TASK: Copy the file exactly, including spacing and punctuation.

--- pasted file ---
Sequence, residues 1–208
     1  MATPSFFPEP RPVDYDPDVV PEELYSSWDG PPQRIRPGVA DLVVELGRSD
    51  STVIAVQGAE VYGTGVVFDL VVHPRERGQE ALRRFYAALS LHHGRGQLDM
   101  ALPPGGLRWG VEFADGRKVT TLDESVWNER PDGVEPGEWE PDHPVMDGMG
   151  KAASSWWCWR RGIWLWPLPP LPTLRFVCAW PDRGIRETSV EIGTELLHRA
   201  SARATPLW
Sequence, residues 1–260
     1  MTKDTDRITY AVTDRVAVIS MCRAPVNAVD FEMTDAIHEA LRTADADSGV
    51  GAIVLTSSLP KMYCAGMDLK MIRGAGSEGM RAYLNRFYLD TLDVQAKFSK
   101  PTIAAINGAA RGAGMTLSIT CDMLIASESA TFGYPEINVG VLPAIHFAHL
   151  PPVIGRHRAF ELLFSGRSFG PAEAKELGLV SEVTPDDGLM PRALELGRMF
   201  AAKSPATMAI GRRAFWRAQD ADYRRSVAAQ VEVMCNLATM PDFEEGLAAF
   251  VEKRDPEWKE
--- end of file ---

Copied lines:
Sequence, residues 1–208
     1  MATPSFFPEP RPVDYDPDVV PEELYSSWDG PPQRIRPGVA DLVVELGRSD
    51  STVIAVQGAE VYGTGVVFDL VVHPRERGQE ALRRFYAALS LHHGRGQLDM
   101  ALPPGGLRWG VEFADGRKVT TLDESVWNER PDGVEPGEWE PDHPVMDGMG
   151  KAASSWWCWR RGIWLWPLPP LPTLRFVCAW PDRGIRETSV EIGTELLHRA
   201  SARATPLW
Sequence, residues 1–260
     1  MTKDTDRITY AVTDRVAVIS MCRAPVNAVD FEMTDAIHEA LRTADADSGV
    51  GAIVLTSSLP KMYCAGMDLK MIRGAGSEGM RAYLNRFYLD TLDVQAKFSK
   101  PTIAAINGAA RGAGMTLSIT CDMLIASESA TFGYPEINVG VLPAIHFAHL
   151  PPVIGRHRAF ELLFSGRSFG PAEAKELGLV SEVTPDDGLM PRALELGRMF
   201  AAKSPATMAI GRRAFWRAQD ADYRRSVAAQ VEVMCNLATM PDFEEGLAAF
   251  VEKRDPEWKE